- Associated Press - Saturday, May 7, 2016

MARSHFIELD, Wis. (AP) - Gina Mattheisen was in college studying to be a social worker when she learned about a growing problem in Wisconsin: children left homeless when their parents were arrested for dealing or making drugs in their homes.

“It was gut-wrenching and I knew I needed to do something,” the 45-year-old Marshfield woman said.

That was in 2008, when Mattheisen was at a conference hosted by the Wisconsin Alliance for Drug Endangered Children, a division of the state’s Department of Justice, while studying for degrees in social work and criminal justice.

That same year, she founded something called Sweet Dreams with the goal of providing soft blankets, new pajamas and other supplies to Wood County children rescued from drug houses, USA Today Network-Wisconsin (http://mnhne.ws/1p7r9S2 ) reported.

“Methamphetamine production is a big drug problem, but what is even worse is that there are lots of toxic chemicals used to make meth and when there are children in that house, they need to be removed as soon as possible and bathed. Then what they were wearing needs to be destroyed because of the toxic chemicals.

“These little ones end up having nothing and add to that the trauma of being taken from their parents, it was heartbreaking to hear this,” Mattheisen said.

In the ensuing seven years, Sweet Dreams has taken on a life of its own. It now involves hundreds of people and provides between 2,000 to 3,000 packages a year to agencies across Wisconsin that rescue children. But it all still runs through Mattheisen’s email account, and is funded and driven entirely by volunteers who are moved to help fragile boys and girls.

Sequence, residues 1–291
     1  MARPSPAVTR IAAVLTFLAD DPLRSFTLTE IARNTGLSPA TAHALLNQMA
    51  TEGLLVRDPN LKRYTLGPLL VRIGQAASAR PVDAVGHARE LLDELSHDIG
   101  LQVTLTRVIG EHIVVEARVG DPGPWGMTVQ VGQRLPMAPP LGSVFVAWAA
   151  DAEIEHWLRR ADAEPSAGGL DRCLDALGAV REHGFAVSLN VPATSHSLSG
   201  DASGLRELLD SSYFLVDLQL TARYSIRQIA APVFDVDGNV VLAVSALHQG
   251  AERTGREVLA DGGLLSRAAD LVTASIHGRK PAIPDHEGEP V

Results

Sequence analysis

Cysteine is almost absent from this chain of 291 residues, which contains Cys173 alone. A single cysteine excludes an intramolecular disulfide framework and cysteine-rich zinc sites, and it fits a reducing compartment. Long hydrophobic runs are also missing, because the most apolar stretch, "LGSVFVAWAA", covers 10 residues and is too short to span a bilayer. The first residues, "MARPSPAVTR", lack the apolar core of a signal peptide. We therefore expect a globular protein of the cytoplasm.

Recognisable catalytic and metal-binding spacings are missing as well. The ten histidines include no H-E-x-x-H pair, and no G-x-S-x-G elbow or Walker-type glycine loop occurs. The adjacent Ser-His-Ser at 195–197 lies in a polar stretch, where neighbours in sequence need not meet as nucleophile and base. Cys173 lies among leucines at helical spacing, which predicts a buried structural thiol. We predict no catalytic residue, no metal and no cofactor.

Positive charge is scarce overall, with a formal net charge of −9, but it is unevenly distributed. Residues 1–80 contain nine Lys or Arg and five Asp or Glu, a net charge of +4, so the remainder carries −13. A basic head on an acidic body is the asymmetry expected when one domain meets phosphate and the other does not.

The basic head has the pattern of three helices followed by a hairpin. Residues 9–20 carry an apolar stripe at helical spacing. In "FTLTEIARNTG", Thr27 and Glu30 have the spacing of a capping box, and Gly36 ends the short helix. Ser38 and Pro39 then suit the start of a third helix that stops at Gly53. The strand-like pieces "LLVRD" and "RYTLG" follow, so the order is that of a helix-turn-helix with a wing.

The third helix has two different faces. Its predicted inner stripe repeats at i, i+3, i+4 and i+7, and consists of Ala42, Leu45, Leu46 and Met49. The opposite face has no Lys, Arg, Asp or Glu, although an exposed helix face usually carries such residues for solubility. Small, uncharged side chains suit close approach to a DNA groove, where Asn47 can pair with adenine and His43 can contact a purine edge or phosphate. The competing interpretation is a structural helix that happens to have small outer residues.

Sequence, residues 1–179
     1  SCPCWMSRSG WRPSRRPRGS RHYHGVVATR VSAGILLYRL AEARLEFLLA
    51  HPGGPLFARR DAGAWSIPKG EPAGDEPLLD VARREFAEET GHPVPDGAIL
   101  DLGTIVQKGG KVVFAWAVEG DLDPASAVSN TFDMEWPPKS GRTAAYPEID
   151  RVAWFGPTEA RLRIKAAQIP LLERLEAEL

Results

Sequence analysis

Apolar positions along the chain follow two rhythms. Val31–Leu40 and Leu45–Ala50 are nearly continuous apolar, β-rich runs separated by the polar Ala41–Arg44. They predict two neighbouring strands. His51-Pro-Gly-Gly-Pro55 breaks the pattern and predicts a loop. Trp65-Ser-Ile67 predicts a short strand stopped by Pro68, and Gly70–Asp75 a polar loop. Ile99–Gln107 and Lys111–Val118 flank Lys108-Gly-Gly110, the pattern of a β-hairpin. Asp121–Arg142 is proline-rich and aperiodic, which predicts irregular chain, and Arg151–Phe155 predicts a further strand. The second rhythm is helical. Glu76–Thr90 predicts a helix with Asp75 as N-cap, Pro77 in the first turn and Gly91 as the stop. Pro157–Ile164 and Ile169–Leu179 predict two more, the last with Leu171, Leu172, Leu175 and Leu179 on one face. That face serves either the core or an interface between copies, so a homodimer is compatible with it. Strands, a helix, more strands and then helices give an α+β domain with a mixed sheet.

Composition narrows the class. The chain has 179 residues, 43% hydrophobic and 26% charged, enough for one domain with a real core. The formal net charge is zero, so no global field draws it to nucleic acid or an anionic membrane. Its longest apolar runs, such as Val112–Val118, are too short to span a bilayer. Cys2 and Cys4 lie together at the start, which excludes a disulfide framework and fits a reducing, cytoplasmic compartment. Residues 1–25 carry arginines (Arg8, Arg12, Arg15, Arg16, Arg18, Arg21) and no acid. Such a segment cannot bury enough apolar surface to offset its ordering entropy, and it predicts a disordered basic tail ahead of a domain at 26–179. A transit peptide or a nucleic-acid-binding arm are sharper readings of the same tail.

“These children are living in homes that are in chaos,” said Cindy Giese, the state director of the Wisconsin Alliance for Drug Endangered Children.”The parents aren’t parenting because they are busy using, dealing or manufacturing drugs. Sometimes the oldest child is parenting the younger kids. There are no bedtimes, they often aren’t in school, and sometimes they go without food.”

Mattheisen can’t change that. But she is determined to change what happens after police step in, after the parents are taken away in handcuffs and their children are left behind, alone and frightened.

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A couple of years ago, a 4-year-old boy was rescued from a home on the eastern side of the state where the parents were arrested for dealing drugs. The home was filthy, the boy was almost as dirty and there were no clean clothes for him to wear. His bed was a soiled mattress on the floor, Mattheisen said, and he had nothing.

“Despite the conditions, it was traumatic for him to be taken from his home, his parents,” Mattheisen said. “This was all he knew. And then he was given a Sweet Dreams pillow case and pulled out the pajamas.”

They were blue Spiderman pajamas with the vibrant red superhero emblazoned across the chest. They immediately became his most-treasured possession, she said.

“He never wanted to take them off,” Mattheisen said.

The same story is playing out across the state when kids are taken from similar homes. Sweet Dreams is a word-of-mouth effort with all the snuggly supplies donated by volunteers. When she needs donations, Mattheisen sends out emails to folks she knows who will donate things or organize donation drives through local 4-H clubs, church committees and other community organizations.

“Honestly, I wouldn’t be able to do this if I didn’t have the tremendous support from people who live in our communities,” Mattheisen said.

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Sweet Dreams began with a donation drive at the Marshfield Mall. Mattheisen put out the call hoping to get enough donations to help the few dozen children that land in the Wood County child protective services every year.

“I was overwhelmed, there was so much donated we had enough for 1,000 kids,” Mattheisen said.

In 2009, more donations poured in and Sweet Dreams gave pillowcases with pajamas and blankets to 3,500 children around the state. Coordinators of Drug Endangered Children programs send Mattheisen an email when their Sweet Dreams supplies begin to dwindle.